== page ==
- Set goals throughout the year- Set a goal for a month from now to be deeper in your discussion with your students than you are right now. Set a goal to have a student who maybe has not opened up to get them to open up a bit by the next month.
- Build strong relationships- If you want discussion to take place, a relationship has to be in place as well. If you do not have a regular consistent relationship, do not expect for them to open up to you. I always picture a truck filled with Biblical truth trying to reach the heart of a student, and the truck must go over a bridge to get to the heart of that student. That bridge is the bridge of relationships. If a relationship is not built, the truck will never make it to the heart. Just think how much more effective we could be in sharing the Word if we had better relationships with our students.
- Ask good questions- We do our small group session after my lesson so I challenge my leaders to be thinking of questions to ask during the lesson, or even before youth group that week. Ask good pointed questions for the students to answer. Not yes or no answered questions. Go deeper than those type of questions. Be intentional about your questions.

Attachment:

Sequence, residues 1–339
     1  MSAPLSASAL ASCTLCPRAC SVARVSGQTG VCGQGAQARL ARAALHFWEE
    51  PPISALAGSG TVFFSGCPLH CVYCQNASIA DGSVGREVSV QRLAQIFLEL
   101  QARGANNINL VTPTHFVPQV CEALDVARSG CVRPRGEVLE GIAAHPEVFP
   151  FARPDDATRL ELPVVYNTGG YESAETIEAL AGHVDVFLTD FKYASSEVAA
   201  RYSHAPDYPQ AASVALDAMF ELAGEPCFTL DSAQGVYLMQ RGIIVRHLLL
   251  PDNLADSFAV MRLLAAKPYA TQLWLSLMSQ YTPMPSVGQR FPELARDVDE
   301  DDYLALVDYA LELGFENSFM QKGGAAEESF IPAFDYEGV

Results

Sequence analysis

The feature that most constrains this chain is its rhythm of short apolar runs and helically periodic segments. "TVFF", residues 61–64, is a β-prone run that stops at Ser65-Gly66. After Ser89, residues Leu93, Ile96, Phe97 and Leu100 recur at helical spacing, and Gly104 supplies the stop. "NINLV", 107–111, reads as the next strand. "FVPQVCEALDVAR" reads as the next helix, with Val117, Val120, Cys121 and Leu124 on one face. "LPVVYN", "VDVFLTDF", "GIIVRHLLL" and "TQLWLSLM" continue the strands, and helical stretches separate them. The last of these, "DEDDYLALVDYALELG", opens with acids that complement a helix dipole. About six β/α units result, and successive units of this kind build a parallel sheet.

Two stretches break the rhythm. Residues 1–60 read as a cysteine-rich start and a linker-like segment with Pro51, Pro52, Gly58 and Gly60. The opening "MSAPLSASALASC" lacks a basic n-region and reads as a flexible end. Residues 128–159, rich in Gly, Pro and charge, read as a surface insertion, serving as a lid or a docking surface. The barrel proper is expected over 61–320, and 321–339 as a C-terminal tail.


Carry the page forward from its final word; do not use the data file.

- Listen to their answers- Listen to each kid as they give answers! Take the time to listen, and facilitate discussion based on the answers. Each student will open up more and more if they know that you value what they are saying.
Have you ever desired for practical training for your youth leaders to take place, but do not have the budget to take them to some mega conference? I know I have. Training is something that is lacking in our youth leaders. We create these teams of really cool leaders who care for students, but many still struggle with creating effective small groups that can see life change. Word of Life has provided a resource that can help you train your leaders inexpensively. Check this out!